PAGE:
Posts Tagged ‘good read’

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This book is chick lit with a big sense of humor and 1989 hairsprayed bangs.

Start with backbeat cover

I spotted Start with the Backbeat by Garine Isassi on a Coveting post on this blog, and was intrigued by the setting—1989, a girl attempting to discover Gangsta rap bands—and the fact that it billed itself as “A Musical Novel” not a romance. I love a rock star romance, but I’ve seen the gritty gangster beginnings of the rap industry in Straight Outta Compton, and I thought this had potential to be a nuanced discussion of a cool epoch in musical history, which it turned out it kinda was.

It was also chick lit, which I didn’t expect. The genre’s a bit out of vogue these days, so that’s probably why it isn’t labeled as such, but it has all the hallmarks: the romance is a subplot rather than a main plot to make room for more challenges with the MC’s career and friends and family. There are lots of disasters, lots of comedy, and a would-be young professional girl sort of thrashing her way to where she wants to be. I loved all these features of chick lit, and it occurs to me in a lot of ways, it was the precursor of New Adult.

I came for the 80s setting and I wasn’t disappointed. Cassette tapes, a music industry in an entirely different time. Plus, it was just painful to watch Jill and her other white middle-class co-workers tiptoe into some rough NYC neighborhoods, looking for “gangstas” to sign, while trying not to get mugged and trying to judge what might be “authentic.” The class and racial lines here are shows with a wince-worthy comedy of errors rather than a preachy tone, which makes for the kind of read that makes you cringe and nod as you recognize real life.

The supporting characters are fun, from the sprawling Armenian family to the sleazy company vice president, and all the very different officemates who end up very loyal to each other. I will say LaKeisha seemed a touch stereotypical to me, but other than that, I enjoyed the variety of personalities all whirled together.

The romance was fun too—Jill ends up going after a computer geek named Alejandro, whose name no one ever gets right, and whom she wasn’t attracted to at all at first (I blame the khaki office pants. I mean, whose ass DOESN’T look saggy in those things?). Seems like everybody starts romances these days with OOH-he’s-so-hot and I have a great time when it starts a little rougher. Alejandro was truly a gentleman, and it showed despite their many missteps.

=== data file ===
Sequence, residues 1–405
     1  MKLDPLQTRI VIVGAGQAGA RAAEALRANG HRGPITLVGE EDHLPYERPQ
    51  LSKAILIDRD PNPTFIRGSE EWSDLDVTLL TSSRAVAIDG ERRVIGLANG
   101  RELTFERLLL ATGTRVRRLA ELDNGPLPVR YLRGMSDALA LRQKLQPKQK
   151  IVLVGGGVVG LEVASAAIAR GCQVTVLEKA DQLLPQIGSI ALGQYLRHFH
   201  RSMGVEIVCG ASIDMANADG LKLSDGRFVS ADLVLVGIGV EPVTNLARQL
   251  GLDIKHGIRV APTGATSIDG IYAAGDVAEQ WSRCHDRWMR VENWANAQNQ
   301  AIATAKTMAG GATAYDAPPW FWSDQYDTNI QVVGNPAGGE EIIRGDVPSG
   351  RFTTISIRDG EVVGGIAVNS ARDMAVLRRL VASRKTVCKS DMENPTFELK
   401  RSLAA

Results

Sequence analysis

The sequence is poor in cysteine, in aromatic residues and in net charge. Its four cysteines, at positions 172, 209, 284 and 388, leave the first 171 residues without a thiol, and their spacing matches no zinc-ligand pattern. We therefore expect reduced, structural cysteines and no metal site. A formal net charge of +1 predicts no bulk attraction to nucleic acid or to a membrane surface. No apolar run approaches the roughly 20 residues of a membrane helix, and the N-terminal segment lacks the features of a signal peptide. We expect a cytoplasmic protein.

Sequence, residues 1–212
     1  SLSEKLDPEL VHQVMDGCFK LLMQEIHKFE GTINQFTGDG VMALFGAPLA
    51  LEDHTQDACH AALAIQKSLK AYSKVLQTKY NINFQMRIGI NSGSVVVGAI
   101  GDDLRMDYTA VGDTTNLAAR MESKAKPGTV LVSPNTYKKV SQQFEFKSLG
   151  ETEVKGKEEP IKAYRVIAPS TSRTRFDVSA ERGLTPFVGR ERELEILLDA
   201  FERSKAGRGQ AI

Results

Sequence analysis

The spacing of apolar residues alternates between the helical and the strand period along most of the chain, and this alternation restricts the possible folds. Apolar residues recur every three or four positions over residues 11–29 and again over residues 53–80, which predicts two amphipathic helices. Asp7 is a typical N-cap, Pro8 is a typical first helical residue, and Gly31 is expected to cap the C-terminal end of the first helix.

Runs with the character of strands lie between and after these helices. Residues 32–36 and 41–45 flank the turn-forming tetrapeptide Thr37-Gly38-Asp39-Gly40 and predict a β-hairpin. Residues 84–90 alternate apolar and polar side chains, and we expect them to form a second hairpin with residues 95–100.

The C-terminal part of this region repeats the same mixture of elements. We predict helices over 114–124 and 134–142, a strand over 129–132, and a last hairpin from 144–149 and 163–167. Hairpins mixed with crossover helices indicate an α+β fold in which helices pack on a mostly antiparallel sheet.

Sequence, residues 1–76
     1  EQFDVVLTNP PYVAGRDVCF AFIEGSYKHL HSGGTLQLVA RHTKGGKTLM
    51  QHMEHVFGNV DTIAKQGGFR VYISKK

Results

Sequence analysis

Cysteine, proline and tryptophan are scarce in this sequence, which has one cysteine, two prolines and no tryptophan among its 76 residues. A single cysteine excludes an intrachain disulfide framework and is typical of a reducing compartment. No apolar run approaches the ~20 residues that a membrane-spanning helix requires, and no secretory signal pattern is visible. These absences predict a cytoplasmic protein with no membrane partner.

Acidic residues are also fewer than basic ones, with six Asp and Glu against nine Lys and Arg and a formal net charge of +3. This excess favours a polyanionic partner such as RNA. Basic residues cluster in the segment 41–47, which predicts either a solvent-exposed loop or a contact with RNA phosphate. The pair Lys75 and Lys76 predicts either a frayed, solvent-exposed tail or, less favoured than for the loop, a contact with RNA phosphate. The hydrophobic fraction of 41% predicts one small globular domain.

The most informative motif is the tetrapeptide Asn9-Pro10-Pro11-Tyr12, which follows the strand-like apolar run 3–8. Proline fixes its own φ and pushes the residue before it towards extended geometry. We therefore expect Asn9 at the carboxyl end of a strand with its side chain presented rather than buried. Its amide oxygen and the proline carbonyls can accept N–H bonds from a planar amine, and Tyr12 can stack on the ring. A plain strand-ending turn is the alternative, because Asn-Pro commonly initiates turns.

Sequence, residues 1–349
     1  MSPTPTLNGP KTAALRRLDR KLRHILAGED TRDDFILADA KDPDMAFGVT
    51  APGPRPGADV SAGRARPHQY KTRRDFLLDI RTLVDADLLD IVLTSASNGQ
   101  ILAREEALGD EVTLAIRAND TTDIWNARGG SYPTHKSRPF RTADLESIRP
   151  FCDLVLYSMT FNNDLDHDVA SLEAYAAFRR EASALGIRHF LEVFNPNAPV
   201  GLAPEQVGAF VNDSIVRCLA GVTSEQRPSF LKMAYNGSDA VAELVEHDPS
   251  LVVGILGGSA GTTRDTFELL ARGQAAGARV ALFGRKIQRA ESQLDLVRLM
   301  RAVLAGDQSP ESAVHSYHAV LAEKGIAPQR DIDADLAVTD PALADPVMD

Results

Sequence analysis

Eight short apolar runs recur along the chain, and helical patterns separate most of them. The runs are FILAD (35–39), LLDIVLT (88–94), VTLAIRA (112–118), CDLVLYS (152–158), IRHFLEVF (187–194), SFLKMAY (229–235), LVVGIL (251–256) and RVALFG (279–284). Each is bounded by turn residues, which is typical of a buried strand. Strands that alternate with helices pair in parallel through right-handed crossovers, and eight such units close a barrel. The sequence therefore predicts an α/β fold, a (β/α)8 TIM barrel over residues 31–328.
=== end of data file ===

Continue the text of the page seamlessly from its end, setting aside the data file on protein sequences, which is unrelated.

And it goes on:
Where this book really shines (other than the 1980s details and band references, which I LOVED) is in all the moments where you can’t help but recognize real life. The suburban mom crying off her eyeliner because she wants her husband to help more around the house, but he doesn’t do the dishes quite right, so she can’t let him do that, and she can’t leave for the night because of course he couldn’t take care of their baby the way she can and…yeah. So familiar. And Jill’s boyfriend at the beginning of the book, the sound guy that can get them in the backdoor of every club, but who disappears when he’s on the road with a band, even though he SWEARS he’s being faithful.

This has a fun, romantic comedy feel with an 80s twist and a gangsta rap punchline, with amazing lyrics and characters throughout. Four stars.

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Return of the Bad Boy

Turns out, Return of the Bad Boy is the fourth book in its series, although it’s the first one that stars rocker Asher Knight and agent of some sort, Gloria Shields. Since the characters had only been minor characters in the previous books, I’d thought I could jump into this one and know what’s going on.

Nope.